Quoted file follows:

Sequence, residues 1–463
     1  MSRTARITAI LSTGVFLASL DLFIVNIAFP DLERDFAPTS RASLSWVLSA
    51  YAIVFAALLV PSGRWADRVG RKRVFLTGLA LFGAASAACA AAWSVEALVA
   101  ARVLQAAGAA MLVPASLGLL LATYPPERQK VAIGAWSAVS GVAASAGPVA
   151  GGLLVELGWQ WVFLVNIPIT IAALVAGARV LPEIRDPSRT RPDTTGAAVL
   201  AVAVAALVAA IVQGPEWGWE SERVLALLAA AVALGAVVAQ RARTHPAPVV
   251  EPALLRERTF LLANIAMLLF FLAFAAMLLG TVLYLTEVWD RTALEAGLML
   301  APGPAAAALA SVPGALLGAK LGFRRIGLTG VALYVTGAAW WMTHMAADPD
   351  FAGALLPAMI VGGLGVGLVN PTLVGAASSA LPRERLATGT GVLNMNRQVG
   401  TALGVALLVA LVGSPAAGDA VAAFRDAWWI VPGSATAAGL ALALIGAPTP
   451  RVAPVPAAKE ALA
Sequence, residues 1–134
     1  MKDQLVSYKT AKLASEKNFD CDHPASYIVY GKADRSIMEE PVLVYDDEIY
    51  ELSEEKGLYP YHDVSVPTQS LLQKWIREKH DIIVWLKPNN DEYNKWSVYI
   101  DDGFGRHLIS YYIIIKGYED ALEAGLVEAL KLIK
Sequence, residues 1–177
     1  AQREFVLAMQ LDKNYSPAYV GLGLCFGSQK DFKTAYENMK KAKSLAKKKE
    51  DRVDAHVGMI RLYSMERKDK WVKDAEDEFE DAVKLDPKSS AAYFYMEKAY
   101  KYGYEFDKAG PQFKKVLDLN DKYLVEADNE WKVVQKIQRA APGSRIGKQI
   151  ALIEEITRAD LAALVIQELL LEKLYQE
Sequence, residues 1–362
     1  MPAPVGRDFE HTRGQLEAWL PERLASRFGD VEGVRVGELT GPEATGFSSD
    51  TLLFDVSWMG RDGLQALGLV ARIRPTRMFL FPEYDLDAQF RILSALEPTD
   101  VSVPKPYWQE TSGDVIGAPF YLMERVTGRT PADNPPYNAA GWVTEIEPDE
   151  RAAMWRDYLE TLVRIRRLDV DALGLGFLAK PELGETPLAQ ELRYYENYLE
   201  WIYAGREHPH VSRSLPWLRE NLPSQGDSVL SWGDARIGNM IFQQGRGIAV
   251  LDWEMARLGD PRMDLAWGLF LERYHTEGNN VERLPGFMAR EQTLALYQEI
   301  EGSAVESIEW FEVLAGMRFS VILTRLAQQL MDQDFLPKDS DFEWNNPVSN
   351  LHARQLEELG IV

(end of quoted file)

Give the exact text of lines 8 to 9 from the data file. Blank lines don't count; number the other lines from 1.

   301  APGPAAAALA SVPGALLGAK LGFRRIGLTG VALYVTGAAW WMTHMAADPD
   351  FAGALLPAMI VGGLGVGLVN PTLVGAASSA LPRERLATGT GVLNMNRQVG